8 C.... Question Degree Average # of Answers Answers Views K 8K 6K 4K 2K K Questions Bucketized by Degree Average # of Views Gini Coefficient = % Cumulative Portion of Views Questions Ordered By # of Views % A B Figure 22: Node degrees in the related question graph. Figure 23: Question degree versus average views and answers per question. Figure 24: Gini coefficient, G = A/(A + B). Votes on Super Users. We repeat the above analysis on answers offered by super users (most followed users). Results in Figure 2 show that for 4% of questions, super users answers received the highest votes, and for 6% of cases, their answers are among the top-2 most votes. This implies that regardless of the quality of their answers, super users can often get more votesover other users. To better understand the bias, we examine whether a large portion of votes come from the answerer s followers. For this we gather answers to all the questions and group them by the number of votes received. For each group of answers, we compute the average percentage of votes from the answerer s followers. We also repeat the same process on answers offered by super users and those from non-super users. Figure 2 shows the average percentage of followers votes across different answer groups. We cut the line at the points where the number of votes reaches, which covers 99.9% of all answers (see Figure 7). These results show that answers contributed by super users do receive a large portion ofvotes (3-4%) from their followers, which is significantly larger than normal users (<%). This shows that users with more followers tend to get more votes from their followers, which could introduce potential unfairness in answer ranking. For example, an answer contributed by super users gets a much higher rank even though the true quality of the answer is not high. Summary. In, users who contributed more and good answers tend to have more followers. These well-connected users also gain advantage by having more friends (followers) to answer their questions and upvote for their answers. 6. THE RELATED QUESTIONS GRAPH One of s core features is the ability to locate questions related to a given question. This effectively creates a related question graph, wherenodesrepresentquestions,andlinksrepresent a measure of similarity as determined by. The related question graph provides an easy way for users to browse through s repository of questions withsimilarityasa distance metric. In this section, we extract the question graph from our dataset, and seek to determine if the structure of the graph plays a role in helping users to find top questions. Intuitively, a similarity-based question graph would produce large clusters of questions around popular topics, with less popular questions relegated to sparse regions of the graph. Thus users following related question links could encounter popular questions with a higher probability. 6. Impact of Degree in the Question Graph We build the question graph by crawling and extracting related questions links. By default, lists a fixed number (5) of related questions on each question s main page. These are deemed by to be the most related to the question on the current page. Since the related relationship is intuitively a bidirectional property, the question graph is a unweighted, bidirectional graph. Our final question graph has a total of 437K nodes and.6m edges. We plot the distribution of question degree in Figure 22. Although each question only has at most 5 outgoing related questions, most questions have incoming connections from other questions, and thus have a total related degree greater than 5. However, there are 9% questions with degree less than 5. This is because some of their related questions were not crawled (questions deleted by ) and thus are not included as nodes. 99% of the questions have degree less than 5. The distribution shows a distinctive power-law shape, and when we fit the question degree CCDF to the power-law, we get an α value of 3.5 with fitting error.48. Next, we examine the connectivity of the question graph. The question graph is dominated by a single large connected component that covers 98% (43K) of all questions. On closer inspection, we see that the remaining 2% of the questions are either newer questions whose related questions have not yet been computed, or they belong to esoteric topics with very few questions and lowuser interest. Stability. One concern we had about the question graph is whether it is stable, i.e. does it change on a frequent basis as new questions are added to the system. We test the long-term stabilityof the related question graph by comparing the related questiongraph across two snapshots. The first snapshot was taken in our primary measurement period of August 22. We also took another snapshot in October 22 (two months after the first snapshot). When we compared the related question set for each question in the system, we found that 6% of all question had no changes in the time between our snapshots, and 3% of the questions have only one new entry (out of five) in its related question list. Thus we can assume that the related question list is relatively stable over moderate time periods, and our snapshots are a reasonable approximation for earlier versions of the question graph. Question Degree vs. Attention. On each question page, users can browse a series of questions via the related question edges. This leads to the hypothesis that a question with higher question degree can receive more attention, i.e. more user views, and potentially more answers as a result. We validate this hypothesis as follows. We first group all questions based on question degree in the related question graph. Then we compute the average number of answers and views for questions in each group. We plot the results in Figure 23. The dashed line represents the average number of user views across all questions with a given node degree, and the solid red line represents the average number of answers received by all questions with a given degree. There are clear trends in both cases. For questions with higher degree (they are listed as being related to more questions), they are accessible to users via a larger number of incoming

9 ID Question Title What percentage of questions on have no answers? Can I search only for questions that have been answered? 4522 How many questions have been answered on? 295 What percentage of questions receive at least one answer? 7363 What percentage of questions on are answerable? 3323 How many questions are on, answered or not? Top Topics, -Usage-Data-and-Analysis, -product Table 4: A cluster of 43 questions, produced by graph partitioning. The top three tags covers 9% of the questions in the cluster. links. Hence these high degree questions receive both more page views as well as more answers. The takeaway here is that questions with high degree in the question-relation graph correlates strongly to questions that receive more attention and answers from users. 6.2 Locating Similar Questions In the question graph, questions on similar topics are clustered together, while irrelevant questions are likely to be related to popular questions. Thus they are likely positioned in sparser regions of the graph. In this subsection, we first leverage the graph structure to identify groups of similar questions. We then ask two key questions: do similar questions receive equal attention from users? If not, what are the potential mechanisms that drive users to certain questions while ignoring other similar questions? Graph Clustering. We first locate similar questions using the question graph. More specifically, we want to generate question clusters where questions within the cluster are more tightlycon- nected than those outside the cluster. This is a simple definition easily characterized by modularity. We formalize this problem as a graph partition problem, and use the popular graph partitioning tool METIS to perform a multilevel k-way partitioning [8] on our question graph. In this case, we predefine K as the number of clusters we want to generate. We run the graph partitioning algorithm, with K equal to,,, and,. When K is too big, we end up with many small clusters after cutting many edges. On the other hand, when K is too small, we get a small number of big clusters which take in many questions under related topics, but are not truly similar. Since there is no good way to get the ground-truth assessment on how similar the questions are, we randomly sample clusters from each run with different K values, and manually inspect questions within each cluster. We find that the best match between semantic clusters and automatically detected clusters occurs when K =,. So we partition the graph into, clusters of similar sizes. Table 4 shows an example of one generated cluster. This cluster contains 43 questions, and all questions are related to. We also extract the topics of the questions in the cluster and rank the topics based on how many questions they are associated with. The top 3 topics of the cluster are listed in the table. We see that the three topics are different but all related. In fact, the top three topics cover 9% of the questions in this cluster, which indicates a good cluster focused around a single subject. Cluster Analysis. Based on the generated clusters, we can now answer the high level question: do similar questions receive equal attention? We answer this question by assessing the distribution of user views and answers between questions in the same cluster. We choose to use gini coefficient, auniformitymetriccommonlyused to evaluate the equality of distributions in economics []. We explain how we compute gini coefficient for each question cluster using Figure 24. As an example, the x-axis has the questions sorted by increasing number of views, and the y-axis represents the cumulative portion of the views. So the curve represents y% of contribution (of views) by the bottom x% of questions. By definition, the curve is always at or below the dashed line which represents perfect equality of the distribution. Gini coefficient is defined to A A+B, quantify how close the curve is to the dashed line: G = where A and B represent the corresponding areas above and below the curve. As each axis is normalized to %, the gini coefficient G is always within the range of [, ], whereg= means perfect equality or uniformity (the dashed line in our example) and G= means an extremely skewed distribution. We compute the gini coefficient for the distribution of number of views (and answers) of questions in each cluster. As shown in Figure 25, the solid curve shows the gini coefficient of number of views is highly skewed towards. More than 9% of clusters have gini coefficient >.4. This shows that the numbers of views are extremely uneven among similar questions within each cluster. The same trend applies to answers, as the vast majority of clusters have extremely skewed answer distributions. This means that user attention is tightly focused on a small portion of (valuable) questions within each cluster of similar questions. Ourresultssuggest thatthe structureof therelatedquestion graph (e.g. question degree) is at least partially responsible for focusing user attention and answers on a small subset in each cluster of related questions. Next, we ask whether super users play a role in directing traffic towards specific questions in each cluster of related questions. Super User Effect. We evaluate whether the skew in the distribution is caused by super user effect. Intuitively, when auser adds new answers or upvotes existing answers on a question, that question will be pushed to all her followers. Thus super users with more followers can disseminate the question to a larger audience. We use the same definition of super users as in previous analysis by taking the top 5% of most followed users. We measure the super user effect by comparing the number of views (answers) of questions involving super users to other questions with no super user involvement. Among all clusters, only cluster has no super user in any of its questions, and is not considered in the analysis. Figure 26 shows the scatter plot of average views (and answers) of super user involved questions and normal user questions ineach cluster. The X-axes are presented in ascending order of the views (answers) of super user questions, thus the super user question points form a near-continuous line. We first compare the average number of user views in Figure 26(a). In the vast majority of the clusters, the super user questions have more views than that of questions with no super user involvement. There is only a small number of clusters (4%) where normal user questions receive more user views then super user questions. Figure 26(b) compares the two type of questions with respect to average number of answers per question. The result shows that super user involved questions have significantly more answers than normal user questions. Compared to user views, it shows a even stronger impact of super users on drawing answers. In different clusters, super user questions have an average number of answers ranging from 2 to, while questions without super user involvement almost always stays below 2 answers across clusters. Both the number of user views and answers can reflect how much attention each question receives. The result shows choices made by a small number of super users on questions usually affect the focus of attention for the whole community. Summary. We build the related question graph, and find that it is a relatively stable structure even as new questions are constantly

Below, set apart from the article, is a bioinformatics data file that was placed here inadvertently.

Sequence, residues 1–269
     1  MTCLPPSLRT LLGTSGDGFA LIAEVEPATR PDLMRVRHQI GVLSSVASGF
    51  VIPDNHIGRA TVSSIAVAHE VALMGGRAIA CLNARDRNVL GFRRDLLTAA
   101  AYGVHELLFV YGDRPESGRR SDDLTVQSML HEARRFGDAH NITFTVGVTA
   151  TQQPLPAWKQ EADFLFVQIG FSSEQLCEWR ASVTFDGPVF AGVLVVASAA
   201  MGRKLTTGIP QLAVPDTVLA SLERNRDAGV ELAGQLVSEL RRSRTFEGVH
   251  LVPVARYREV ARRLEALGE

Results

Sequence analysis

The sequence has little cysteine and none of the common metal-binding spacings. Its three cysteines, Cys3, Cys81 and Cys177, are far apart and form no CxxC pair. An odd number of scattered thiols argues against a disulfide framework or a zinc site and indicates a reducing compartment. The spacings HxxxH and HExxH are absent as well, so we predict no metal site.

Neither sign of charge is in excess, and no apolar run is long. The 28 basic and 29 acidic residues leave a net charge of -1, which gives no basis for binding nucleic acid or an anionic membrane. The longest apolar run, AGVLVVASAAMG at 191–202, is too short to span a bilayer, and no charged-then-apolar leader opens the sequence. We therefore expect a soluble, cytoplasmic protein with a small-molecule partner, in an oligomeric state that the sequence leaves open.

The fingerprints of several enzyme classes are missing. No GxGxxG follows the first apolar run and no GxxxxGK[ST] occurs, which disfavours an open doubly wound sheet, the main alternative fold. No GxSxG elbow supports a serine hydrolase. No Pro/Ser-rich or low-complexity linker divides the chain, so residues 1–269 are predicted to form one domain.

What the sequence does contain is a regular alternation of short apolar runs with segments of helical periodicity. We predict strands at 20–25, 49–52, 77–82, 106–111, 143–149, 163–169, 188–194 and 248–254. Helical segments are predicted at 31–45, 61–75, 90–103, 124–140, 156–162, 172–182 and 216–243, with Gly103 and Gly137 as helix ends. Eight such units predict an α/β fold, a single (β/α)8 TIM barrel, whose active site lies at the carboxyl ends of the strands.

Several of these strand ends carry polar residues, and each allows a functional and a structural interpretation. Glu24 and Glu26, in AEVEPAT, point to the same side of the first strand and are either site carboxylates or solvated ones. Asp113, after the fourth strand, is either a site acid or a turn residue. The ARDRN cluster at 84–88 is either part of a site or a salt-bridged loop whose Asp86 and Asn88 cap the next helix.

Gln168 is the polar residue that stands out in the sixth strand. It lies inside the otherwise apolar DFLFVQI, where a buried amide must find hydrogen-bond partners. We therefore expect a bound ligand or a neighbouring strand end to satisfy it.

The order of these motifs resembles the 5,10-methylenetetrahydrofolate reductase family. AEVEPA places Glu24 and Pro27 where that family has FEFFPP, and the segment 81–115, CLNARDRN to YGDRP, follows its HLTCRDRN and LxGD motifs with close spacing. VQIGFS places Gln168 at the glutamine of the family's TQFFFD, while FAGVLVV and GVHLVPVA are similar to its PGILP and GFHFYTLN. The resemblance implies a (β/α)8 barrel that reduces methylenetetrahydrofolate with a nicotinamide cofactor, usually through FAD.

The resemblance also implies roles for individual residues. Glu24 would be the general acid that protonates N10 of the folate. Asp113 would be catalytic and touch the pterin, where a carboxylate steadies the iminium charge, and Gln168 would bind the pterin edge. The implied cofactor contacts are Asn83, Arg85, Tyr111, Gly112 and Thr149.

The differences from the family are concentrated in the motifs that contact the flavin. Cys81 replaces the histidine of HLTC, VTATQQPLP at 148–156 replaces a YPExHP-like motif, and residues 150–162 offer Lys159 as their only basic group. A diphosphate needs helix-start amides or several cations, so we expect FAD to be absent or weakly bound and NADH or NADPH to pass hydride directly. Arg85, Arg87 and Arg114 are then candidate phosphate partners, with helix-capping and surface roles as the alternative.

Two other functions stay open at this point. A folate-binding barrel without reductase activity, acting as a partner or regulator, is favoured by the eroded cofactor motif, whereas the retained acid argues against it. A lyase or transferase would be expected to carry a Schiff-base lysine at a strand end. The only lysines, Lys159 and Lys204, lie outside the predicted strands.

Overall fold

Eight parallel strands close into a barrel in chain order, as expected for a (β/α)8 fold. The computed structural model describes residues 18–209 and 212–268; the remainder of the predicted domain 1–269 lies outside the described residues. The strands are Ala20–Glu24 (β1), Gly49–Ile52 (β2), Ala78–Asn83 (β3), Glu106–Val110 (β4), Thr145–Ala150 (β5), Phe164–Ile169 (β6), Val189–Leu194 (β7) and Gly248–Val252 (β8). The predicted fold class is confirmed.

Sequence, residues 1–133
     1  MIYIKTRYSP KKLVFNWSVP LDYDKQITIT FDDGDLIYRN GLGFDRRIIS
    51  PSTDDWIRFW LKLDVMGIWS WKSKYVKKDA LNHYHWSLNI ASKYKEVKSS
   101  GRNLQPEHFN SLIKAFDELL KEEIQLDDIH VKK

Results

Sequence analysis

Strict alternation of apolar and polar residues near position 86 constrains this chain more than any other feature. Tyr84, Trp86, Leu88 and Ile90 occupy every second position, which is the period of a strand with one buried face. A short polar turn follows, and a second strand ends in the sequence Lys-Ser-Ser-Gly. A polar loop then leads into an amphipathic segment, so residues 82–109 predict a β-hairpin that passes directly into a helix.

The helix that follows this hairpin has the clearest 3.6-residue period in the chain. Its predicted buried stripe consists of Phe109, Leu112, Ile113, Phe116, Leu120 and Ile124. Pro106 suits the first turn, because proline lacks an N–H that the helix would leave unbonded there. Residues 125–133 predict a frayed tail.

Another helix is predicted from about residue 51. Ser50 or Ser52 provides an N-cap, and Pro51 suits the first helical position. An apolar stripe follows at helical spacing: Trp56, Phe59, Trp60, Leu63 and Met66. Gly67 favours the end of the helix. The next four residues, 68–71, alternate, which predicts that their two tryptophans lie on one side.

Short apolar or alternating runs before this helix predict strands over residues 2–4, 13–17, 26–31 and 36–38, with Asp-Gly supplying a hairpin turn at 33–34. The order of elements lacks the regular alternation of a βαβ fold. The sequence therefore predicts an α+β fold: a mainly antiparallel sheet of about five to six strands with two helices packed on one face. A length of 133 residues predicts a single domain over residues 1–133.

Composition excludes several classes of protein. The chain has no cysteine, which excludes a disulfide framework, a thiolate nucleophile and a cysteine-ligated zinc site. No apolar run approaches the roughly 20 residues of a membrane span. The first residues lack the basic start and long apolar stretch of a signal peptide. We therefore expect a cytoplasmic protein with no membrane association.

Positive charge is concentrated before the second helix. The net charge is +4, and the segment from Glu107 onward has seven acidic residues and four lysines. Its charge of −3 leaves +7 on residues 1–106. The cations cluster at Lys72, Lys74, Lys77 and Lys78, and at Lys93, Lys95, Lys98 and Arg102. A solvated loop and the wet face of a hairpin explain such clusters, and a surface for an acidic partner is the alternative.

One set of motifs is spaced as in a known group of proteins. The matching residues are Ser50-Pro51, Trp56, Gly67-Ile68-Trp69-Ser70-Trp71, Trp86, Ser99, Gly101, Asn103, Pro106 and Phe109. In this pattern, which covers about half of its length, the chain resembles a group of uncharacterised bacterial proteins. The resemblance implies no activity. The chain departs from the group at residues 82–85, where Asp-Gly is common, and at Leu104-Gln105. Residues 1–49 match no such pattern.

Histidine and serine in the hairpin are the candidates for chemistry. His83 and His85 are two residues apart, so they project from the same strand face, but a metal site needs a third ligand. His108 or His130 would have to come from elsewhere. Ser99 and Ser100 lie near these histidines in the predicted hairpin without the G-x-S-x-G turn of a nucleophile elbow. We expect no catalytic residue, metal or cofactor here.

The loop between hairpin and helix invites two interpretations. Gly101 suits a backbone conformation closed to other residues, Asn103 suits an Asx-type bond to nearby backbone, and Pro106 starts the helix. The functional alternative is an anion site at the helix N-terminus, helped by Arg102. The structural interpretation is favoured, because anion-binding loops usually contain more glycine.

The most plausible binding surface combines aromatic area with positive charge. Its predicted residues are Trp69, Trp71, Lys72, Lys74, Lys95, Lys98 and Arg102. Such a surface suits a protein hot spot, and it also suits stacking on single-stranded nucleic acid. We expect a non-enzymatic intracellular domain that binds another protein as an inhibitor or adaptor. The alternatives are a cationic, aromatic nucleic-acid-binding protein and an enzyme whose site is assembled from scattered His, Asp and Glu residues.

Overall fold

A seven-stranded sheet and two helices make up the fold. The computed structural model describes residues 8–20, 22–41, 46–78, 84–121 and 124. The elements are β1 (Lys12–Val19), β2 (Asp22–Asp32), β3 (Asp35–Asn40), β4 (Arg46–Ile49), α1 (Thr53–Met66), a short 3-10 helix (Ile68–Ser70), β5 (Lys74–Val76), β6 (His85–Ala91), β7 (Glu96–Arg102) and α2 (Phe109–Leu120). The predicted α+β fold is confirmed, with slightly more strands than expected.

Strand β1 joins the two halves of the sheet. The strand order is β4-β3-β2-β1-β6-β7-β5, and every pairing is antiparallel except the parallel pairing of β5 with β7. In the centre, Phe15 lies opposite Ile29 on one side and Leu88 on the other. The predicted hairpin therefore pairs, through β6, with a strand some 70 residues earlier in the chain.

10 Gini Coefficient (per Cluster) Super User Questions Normal User Questions Answers Views Figure 25: Gini coefficient of view (answer) distribution in each cluster Super User Questions Normal User Questions Clusters Ordered By Answers of Super User Questions (a) Views (b) Answers Figure 26: Average # of views (answers) of super user questions vs. normal user questions in each cluster. RELATED WORK Community based Q&A. Researchers have studied community based Q&A (CQA) sites such as Yahoo Answers [3, 8, 2, 25, 33, 34], MSN QnA [5, 32], [9, 22], Math Overflow [35] from different perspectives. One perspective focuses on managing questions and topics in CQA sites. Some studies look at question archiving and tagging [32]. Others focus on classifying factual questions with conversional questions [2, 25], or reusing the knowledge collected from old questions to answer new similar questions [34]. Finally, others evaluate the quality of user generated content, including answer quality [33, 35, 8, 6] and question quality [9, 2]. A second group of work studies user communities in CQA sites. These projects aim to develop algorithms to identify users with high expertise. One direction is to rank users based on expertise measures generated from user history data (e.g. questions, answers, votes) [8, 28, 2]. Another direction is modeling user interaction to design network-based ranking algorithms to identify experts [7, 9, 4]. Finally, other works study user community from perspectives such as answering speed [22] and user incentives in CQA sites [5]. Our work differs from prior art, since we are the first to analyze a social network based Q&A site using large-scale data measurement and analysis. Instead of treating all users as one big community, we explore the impact of a built-in social network as well other graph structures on the Q&A activities. A recent report [3] looks at s reputation system in depth with a small dataset of 5K questions. Q&A in Social Networks. Studies have also looked into the question and answering behaviors in existing online social networks. Users can ask their friends questions by posting tweets in Twitter [3] or updating status in Facebook [29, 27, 4]. These studies answer high-level questions like what types of questions are suitable to ask in social networks, and whether strong ties (close friends) provide better answers than weak ties Clusters Ordered By Views of Super User Questions added to the system. We find that high degree questions generally receive more answers and views compared to others. More specifically, the spread of user views and answers within clusters of related questions is extremely skewed towards a small subset of questions. This bias is likely created by the structure of the question graph, and enhanced by super users, as the questions they interact with receive additional views and answers from their followers. 7. Average # of Answers Average # of Views of Clusters 5 CONCLUSION Community question and answer sites provide a unique and invaluable service to its users. Yet as these services grow, they face a common challenge of keeping their content relevant, and making it easy for users to find the signal in the noise, i.e. find questions and content that are interesting and valuable, while avoiding an increasing volume of less relevant content. In this paper, we use a data-driven study to analyze the impact of s internal mechanisms that address this challenge. We find that all three of its internal graphs, a user-topic follow graph, a userto-user social graph, and a related question graph, serve complementary roles in improving effective content discovery on. While it is difficult to prove causal relationships, our data analysis shows strong correlative relationships between s internal structures and user behavior. Our data suggests that the user-topic follow graph generates user interest in browsing and answering general questions, while the related question graph helps concentrate user attention on the most relevant topics. Finally, the userto-user social network attracts views, and leverages social ties to encourage votes and additional high quality answers. As and its repository of data continues to grow in size and mature, our results suggest that these unique features will help users continue find valuable and relevant content. 9. ACKNOWLEDGMENTS We would like to thank the anonymous reviewers for their valuable feedback. This work is supported in part by NSF grant CNS224, DARPA GRAPHS program, and gifts from Cisco and Google. Any opinions, findings, and conclusions or recommendations expressed in this material are those of the authors and do not necessarily reflect the views of the funding agencies.. REFERENCES [] What is quora algorithm/formula for determining the ordering or ranking of answers on a question?, Feb. 2. [2] How many questions are on quora, answered or not?, Mar [3] On what topics does quora have the best questions and answers?, Apr [4] What is a closed question?, Oct /what-is-a-closed-question.